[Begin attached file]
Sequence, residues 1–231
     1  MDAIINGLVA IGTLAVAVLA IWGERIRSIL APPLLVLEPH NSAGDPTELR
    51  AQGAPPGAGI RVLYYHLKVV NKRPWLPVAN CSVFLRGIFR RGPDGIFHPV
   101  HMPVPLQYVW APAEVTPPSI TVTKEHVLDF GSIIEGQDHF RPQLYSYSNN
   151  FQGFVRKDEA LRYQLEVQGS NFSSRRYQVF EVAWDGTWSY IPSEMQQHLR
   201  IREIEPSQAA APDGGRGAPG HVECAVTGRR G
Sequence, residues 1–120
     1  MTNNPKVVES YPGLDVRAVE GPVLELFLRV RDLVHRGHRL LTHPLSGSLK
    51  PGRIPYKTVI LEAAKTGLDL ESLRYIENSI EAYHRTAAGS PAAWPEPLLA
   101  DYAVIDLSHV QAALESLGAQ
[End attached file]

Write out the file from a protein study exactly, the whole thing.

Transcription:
Sequence, residues 1–231
     1  MDAIINGLVA IGTLAVAVLA IWGERIRSIL APPLLVLEPH NSAGDPTELR
    51  AQGAPPGAGI RVLYYHLKVV NKRPWLPVAN CSVFLRGIFR RGPDGIFHPV
   101  HMPVPLQYVW APAEVTPPSI TVTKEHVLDF GSIIEGQDHF RPQLYSYSNN
   151  FQGFVRKDEA LRYQLEVQGS NFSSRRYQVF EVAWDGTWSY IPSEMQQHLR
   201  IREIEPSQAA APDGGRGAPG HVECAVTGRR G
Sequence, residues 1–120
     1  MTNNPKVVES YPGLDVRAVE GPVLELFLRV RDLVHRGHRL LTHPLSGSLK
    51  PGRIPYKTVI LEAAKTGLDL ESLRYIENSI EAYHRTAAGS PAAWPEPLLA
   101  DYAVIDLSHV QAALESLGAQ